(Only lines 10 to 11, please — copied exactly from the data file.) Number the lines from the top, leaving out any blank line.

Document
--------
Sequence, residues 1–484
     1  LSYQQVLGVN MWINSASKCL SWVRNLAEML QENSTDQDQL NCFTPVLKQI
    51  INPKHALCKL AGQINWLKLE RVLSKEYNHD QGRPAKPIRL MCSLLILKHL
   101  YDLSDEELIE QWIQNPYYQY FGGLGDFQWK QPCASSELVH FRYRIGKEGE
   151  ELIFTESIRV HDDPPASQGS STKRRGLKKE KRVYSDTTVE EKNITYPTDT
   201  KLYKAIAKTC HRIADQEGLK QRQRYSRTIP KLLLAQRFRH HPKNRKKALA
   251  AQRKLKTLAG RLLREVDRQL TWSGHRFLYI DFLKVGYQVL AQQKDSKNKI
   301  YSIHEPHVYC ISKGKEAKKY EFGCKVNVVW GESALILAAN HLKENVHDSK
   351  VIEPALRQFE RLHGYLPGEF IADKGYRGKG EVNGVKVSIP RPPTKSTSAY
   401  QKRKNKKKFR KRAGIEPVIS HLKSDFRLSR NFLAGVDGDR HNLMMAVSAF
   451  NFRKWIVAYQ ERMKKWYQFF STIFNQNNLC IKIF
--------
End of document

   401  QKRKNKKKFR KRAGIEPVIS HLKSDFRLSR NFLAGVDGDR HNLMMAVSAF
   451  NFRKWIVAYQ ERMKKWYQFF STIFNQNNLC IKIF